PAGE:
Hold The Phone ; Smartphones Are Opening Doors For Local Firm [Intelligencer Journal (Lancaster, PA)]
(Intelligencer Journal (Lancaster, PA) Via Acquire Media NewsEdge) Staff Writer
The key idea behind a young local company puts smartphones to a new and novel use.
And the firm hopes some recent investments - including one from the state - can help open doors to a new market.
ECKey's namesake product turns a smartphone into a key for getting in and out of offices, parking garages or large apartment buildings.
The system, which pairs a phone with a small reader attached near a door, utilizes a mobile phone's Bluetooth signal to untrigger a lock.
"It's another thing you're going to do on your phone," said Paul Bodell, the company's president and chief executive officer.
The five-employee company, which set up shop last summer on West James Street, got a $75,000 investment in December from state- funded Ben Franklin Technology Partners.
This follows an August 2012 investment of $150,000 from the public-private partnership that backs technology startups in the Keystone State.
"I think this makes a lot of sense," said Pam Martin, a Ben Franklin portfolio manager who oversaw the ECKey investment.
Martin said Ben Franklin typically invests in only about 15 percent of the companies that seek its backing.
The ECKey investments are in the form of preferred stock and convertible notes.
The money from Ben Franklin is a sliver of the investments that Bodell has been securing for the young firm.
Ben Franklin's $75,000 was part of a round of investments that totaled roughly $937,500.
Martin said ECKey stood out because it demonstrated a unique technology product that's based in Pennsylvania and has a good market for potential growth.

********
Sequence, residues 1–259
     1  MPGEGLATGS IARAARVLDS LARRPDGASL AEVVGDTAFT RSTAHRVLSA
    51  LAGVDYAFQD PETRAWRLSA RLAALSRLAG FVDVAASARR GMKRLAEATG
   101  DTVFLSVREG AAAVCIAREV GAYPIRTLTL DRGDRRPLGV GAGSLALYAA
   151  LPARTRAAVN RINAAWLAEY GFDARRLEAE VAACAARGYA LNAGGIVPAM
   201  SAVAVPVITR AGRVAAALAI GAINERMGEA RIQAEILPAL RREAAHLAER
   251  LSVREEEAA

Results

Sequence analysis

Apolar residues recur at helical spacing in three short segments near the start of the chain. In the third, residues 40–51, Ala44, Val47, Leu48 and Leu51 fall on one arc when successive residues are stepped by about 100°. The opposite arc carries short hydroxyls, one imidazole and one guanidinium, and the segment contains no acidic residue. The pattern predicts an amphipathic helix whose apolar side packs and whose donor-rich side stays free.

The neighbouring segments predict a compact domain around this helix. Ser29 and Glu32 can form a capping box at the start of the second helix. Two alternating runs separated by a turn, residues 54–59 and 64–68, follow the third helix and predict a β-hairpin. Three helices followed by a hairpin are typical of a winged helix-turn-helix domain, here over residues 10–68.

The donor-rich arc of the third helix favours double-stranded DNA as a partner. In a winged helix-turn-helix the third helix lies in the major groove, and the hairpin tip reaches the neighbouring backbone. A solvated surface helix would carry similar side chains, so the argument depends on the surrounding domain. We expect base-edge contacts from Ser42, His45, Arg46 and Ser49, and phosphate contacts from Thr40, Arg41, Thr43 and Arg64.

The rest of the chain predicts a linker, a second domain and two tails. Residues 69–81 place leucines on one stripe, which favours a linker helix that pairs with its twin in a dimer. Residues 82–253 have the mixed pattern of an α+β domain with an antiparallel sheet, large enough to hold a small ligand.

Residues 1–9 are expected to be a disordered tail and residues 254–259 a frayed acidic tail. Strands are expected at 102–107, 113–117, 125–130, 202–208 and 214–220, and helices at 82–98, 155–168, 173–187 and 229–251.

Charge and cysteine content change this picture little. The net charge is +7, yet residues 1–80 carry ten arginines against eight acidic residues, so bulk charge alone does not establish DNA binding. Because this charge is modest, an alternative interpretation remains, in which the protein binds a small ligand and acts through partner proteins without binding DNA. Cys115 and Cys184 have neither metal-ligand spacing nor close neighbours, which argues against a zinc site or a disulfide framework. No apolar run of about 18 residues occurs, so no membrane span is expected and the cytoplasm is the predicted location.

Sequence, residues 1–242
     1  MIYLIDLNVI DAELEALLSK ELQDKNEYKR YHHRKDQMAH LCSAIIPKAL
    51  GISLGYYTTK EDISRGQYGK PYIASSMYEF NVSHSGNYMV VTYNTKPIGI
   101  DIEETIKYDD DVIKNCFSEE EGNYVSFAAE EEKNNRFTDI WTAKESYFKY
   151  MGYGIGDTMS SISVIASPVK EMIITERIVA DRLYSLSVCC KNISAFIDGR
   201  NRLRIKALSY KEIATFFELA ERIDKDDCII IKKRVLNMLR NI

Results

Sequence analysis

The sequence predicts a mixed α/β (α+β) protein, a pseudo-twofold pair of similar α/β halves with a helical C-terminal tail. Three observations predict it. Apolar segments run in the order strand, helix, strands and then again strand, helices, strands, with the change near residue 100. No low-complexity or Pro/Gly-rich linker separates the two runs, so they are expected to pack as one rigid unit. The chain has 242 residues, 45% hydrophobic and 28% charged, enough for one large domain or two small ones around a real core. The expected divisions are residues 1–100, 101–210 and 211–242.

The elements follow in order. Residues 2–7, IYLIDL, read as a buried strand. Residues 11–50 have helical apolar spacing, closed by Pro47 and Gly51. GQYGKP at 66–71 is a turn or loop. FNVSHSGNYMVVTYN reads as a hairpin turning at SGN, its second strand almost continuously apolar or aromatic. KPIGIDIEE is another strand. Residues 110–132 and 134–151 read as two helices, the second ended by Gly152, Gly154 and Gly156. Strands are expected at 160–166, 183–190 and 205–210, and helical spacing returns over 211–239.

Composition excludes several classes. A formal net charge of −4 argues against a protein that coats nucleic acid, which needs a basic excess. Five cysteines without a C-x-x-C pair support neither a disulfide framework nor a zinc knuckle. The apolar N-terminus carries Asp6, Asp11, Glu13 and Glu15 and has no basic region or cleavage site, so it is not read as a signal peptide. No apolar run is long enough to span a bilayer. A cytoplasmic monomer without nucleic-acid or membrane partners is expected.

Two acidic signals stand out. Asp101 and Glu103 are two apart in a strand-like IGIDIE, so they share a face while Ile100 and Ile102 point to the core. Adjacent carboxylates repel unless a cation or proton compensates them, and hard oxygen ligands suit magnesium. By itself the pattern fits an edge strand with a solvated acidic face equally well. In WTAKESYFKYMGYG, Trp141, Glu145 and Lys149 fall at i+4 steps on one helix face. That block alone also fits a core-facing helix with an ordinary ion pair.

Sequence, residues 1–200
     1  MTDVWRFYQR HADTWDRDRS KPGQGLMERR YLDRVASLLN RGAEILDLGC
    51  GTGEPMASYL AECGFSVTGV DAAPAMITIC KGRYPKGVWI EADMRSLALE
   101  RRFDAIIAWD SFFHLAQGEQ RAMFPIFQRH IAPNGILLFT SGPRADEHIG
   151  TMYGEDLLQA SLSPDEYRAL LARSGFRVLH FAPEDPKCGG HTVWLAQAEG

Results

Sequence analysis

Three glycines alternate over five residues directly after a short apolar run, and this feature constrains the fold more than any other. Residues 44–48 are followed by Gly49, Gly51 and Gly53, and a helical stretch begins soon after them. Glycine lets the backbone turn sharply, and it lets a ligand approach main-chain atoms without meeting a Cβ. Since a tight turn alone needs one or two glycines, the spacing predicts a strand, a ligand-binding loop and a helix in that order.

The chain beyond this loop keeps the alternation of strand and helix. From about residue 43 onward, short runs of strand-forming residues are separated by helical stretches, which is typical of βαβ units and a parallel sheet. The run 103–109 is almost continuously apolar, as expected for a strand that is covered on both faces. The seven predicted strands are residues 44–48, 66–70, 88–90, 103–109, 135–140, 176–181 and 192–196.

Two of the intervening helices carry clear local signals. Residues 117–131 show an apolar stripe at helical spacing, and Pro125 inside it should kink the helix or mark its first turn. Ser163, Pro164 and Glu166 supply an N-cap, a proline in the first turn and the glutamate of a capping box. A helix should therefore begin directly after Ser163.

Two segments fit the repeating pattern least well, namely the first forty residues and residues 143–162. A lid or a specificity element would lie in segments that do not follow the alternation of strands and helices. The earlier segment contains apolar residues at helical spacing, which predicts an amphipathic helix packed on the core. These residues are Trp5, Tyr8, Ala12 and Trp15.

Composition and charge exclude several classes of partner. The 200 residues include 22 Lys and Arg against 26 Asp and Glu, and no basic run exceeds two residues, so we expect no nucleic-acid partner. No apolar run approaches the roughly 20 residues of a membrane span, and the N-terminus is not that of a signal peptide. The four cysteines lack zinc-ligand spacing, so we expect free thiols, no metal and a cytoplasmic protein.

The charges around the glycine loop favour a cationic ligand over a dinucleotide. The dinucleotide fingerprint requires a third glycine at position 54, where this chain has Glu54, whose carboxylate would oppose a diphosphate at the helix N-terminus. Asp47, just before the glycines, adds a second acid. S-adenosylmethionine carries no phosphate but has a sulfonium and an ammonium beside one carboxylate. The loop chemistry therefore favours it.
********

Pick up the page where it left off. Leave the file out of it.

So far, that potential has been ECKey's biggest selling point.
Actual sales are "still very small," Bodell said, with around 1,000 of the units getting into the hands of customers so far.
Bodell declined to disclose the firm's revenue.
He added that while the company isn't profitable yet, it is "in pretty good shape and moving in that direction."
One of the first customers was Egis Capital Partners, a New York City firm that has offices overlooking Bryant Park.
An ECKey reader was installed on the company's door about six months ago, with about 50 employees now using their smartphones to get in and out of the building.
"We feel like this adds a convenience and also just an element of cool," said Ashley Larson, a principal at the private equity firm.
Larson said putting ECKey on one door cost about $1,100, or about a fifth of the price for a traditional card-based system.
"It is sort of the perfect marriage of convenience and added security," said Larson, pointing out that while people may lend someone their security card, they are loathe to lend their phones.
Egis Capital Partner is also an investor in ECKey, putting "less than $5 million" into the company, according to Larson.
"We obviously really believe in the business," she said.